GH: If we look at representations of Beatrice across art history (see “Exhibit A“), they appear wildly different in a way that makes me wonder: Are these differences beauty or deformity in action?(4)
AS: How do you go about writing a novel so unlike traditional novels? Was it difficult?
GH: In some ways, it was strangely easy—not to say it didn’t involve logistical acrobatics, extreme labor and patience over time, while the “baggy monster” of the novel slowly (re)generated its form.(5)
AS: You have a blog that is a virtual extension of the novel. Why did you create this website and what can readers find there?
GH: The website isn’t a blog, per se—more a virtual gallery that documents and suggests how the book grows in and out of itself through collaborative (aesthetic, cultural, social) deformation.(6)
AS: You invite everyone and anyone to create their own exhibits on your site and some of those creations (or deformations) have been included in the published book. Why did you decide to open up the novel to outside “Subscribers?”
GH: By opening up the project, I as so-called Author(ity) of my book don’t know how it ends, either in form and content—among other elements, even that expected teleology has the capacity to change.(7)
AS: What emotions do you hope Galerie evokes in its readers?
GH: Readers will get out of the Galerie as much as they put in. (8)
AS: Is there any author that inspired you to create Galerie?
GH: Many more than those indicated by the 28 printable pages of single-spaced, electronic endnotes.(9)
AS: Why do you write?
GH: I never intended to be a writer and fell into it as a high school teacher, now thinking that it’s my attempt—in some small way—to invite (re)perception of our vulnerable, culpable, and capable place in this world.(10)
AS: How has writing Galerie de Difformité changed you as a writer?
GH: I gave up trying to fit a book inside its inherited box, or body, to let the novel (and other projects) be what each wants to be, engaged and engaging with this moment in time.(11)
AS: There seem to be two Gretchen Hendersons. Gretchen Henderson the writer (whose name appears on the cover of the novel) and Gretchen Henderson the character/narrator/Undertaker. Why two Gretchens, and are they really different at all?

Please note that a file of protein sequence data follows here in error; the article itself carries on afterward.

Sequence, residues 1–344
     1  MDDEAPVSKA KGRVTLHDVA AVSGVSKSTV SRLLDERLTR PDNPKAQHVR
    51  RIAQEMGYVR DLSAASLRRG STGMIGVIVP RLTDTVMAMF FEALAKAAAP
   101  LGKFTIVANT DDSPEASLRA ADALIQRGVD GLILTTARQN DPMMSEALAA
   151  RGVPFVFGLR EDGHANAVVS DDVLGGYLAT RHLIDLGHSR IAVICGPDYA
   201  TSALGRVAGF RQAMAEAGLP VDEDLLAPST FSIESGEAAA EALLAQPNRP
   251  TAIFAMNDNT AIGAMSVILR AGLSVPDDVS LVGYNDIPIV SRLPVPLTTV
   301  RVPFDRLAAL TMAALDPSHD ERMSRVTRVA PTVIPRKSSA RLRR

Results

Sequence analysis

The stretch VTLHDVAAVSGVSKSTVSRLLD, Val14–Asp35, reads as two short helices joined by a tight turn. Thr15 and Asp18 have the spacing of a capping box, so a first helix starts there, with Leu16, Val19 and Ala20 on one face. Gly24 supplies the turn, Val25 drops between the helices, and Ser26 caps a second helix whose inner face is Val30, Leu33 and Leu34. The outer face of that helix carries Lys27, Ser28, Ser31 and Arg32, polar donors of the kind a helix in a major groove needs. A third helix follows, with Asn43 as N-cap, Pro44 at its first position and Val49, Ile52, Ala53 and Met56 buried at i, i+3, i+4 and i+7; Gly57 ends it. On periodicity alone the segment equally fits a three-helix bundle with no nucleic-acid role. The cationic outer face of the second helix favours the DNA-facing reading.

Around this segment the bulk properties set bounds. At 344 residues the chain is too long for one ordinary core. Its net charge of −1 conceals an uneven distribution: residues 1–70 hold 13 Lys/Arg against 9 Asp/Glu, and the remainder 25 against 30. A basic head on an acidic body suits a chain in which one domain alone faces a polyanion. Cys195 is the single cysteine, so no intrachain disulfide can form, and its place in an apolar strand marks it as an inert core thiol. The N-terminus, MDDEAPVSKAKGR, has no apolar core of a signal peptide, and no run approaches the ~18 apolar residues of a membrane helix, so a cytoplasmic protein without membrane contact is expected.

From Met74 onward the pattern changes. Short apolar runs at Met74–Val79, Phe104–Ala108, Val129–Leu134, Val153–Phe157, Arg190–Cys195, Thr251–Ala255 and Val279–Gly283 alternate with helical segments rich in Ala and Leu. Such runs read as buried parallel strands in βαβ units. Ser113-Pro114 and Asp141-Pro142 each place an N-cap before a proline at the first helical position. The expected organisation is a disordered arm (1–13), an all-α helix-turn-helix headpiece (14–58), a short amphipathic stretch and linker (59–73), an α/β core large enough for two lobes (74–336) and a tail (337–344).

GH: Yes, they are different: among other aspects, I never was struck by lightning, neither of my grandfathers had a secret family, nor was either a medieval scholar (rather, a mailman and a chemist), and I confess to being an academic (of sorts).(12)
AS: The novel is almost like a game, but it has a serious side, too, touching on real-life issues of deformity and self-understanding. How do you want your readers to approach the Galerie, and what do you hope they take away from the experience?
GH: Notions of self and authority are constructs as much as the BOOK—all of which have changed across history and will continue to change within and through their (our) deforming bodies.(13)
AS: You wrote, “By the time this book is printed, it already will be outdated.” What do you think (or hope) lies in store for the future deformation of the Galerie?
GH: As more sensibilities and perspectives and media come to bear on “deformity” (and “book,” for that matter), I hope the more static definition starts to vibrate and take on a kind of reanimated life. (14)
Caroline Picard: You have another book, On Marvellous Things Heard, that we recently released through my publishing house, The Green Lantern Press. This essay, which you write is a “deformation and reformation” on the traditional, explores the relationship between literature/writing/language and music/silence. Was this essay at all influenced by your work with Galerie de Difformité?
GH: The two projects were written more or less simultaneously, albeit separately, so there may be loose links threading in and out of one another, through echo effect.(15)
CP: In On Marvellous Things Heard, you again return to the classics, playing off of Aristotle’s book of the same title. Can you talk a little bit about the work you do using old works and characters, and recombining them into new compositions?
GH: It’s being done all the time—I’m just making visible (or asking readers to make visible) otherwise invisible traces.(16)
CP: OMTH seems to study and expound upon music’s resistance to language. What was your process like, writing this book, when the tools you had to address your subject were admittedly inadequate from the start?